JOPLIN, Mo. — Ear infections lead to tens of millions of trips to the doctor every year. Parents should be looking out for a potential case as the weather gets colder.
“We do see more ear infections here in the fall and winter seasons. It seems there are more viruses around and infections – and so we do see quite a few more ear infections as we approach these seasons,” said ENT Specialist Dr. Hallie Baker.
They’re most common in young patients but can impact adults as well.
“The ears, nose and throat are all connected to each other by mucosa – and also from little channels and passageways. So inflammation in the nose can directly cause backup into the ears because that long skinny tube is full of mucosa that can become inflamed as well,” she said.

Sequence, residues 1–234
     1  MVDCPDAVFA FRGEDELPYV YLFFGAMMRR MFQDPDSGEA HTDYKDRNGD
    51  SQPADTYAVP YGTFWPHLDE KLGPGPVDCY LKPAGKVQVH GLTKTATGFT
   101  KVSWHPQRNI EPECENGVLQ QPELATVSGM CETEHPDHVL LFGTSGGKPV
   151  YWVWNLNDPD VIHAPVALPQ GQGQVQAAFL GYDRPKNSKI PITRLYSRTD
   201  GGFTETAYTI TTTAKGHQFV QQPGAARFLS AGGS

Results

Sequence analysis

Most ear infections will clear up with antibiotics, but there can be larger issues if it happens repeatedly.
“Year after year, months after month – that can lead to some chronic damage to the ear itself – the nerve of hearing can actually be affected by ear infections and the toxins that produces so it’s important to treat your ear infections,” said Dr. Baker.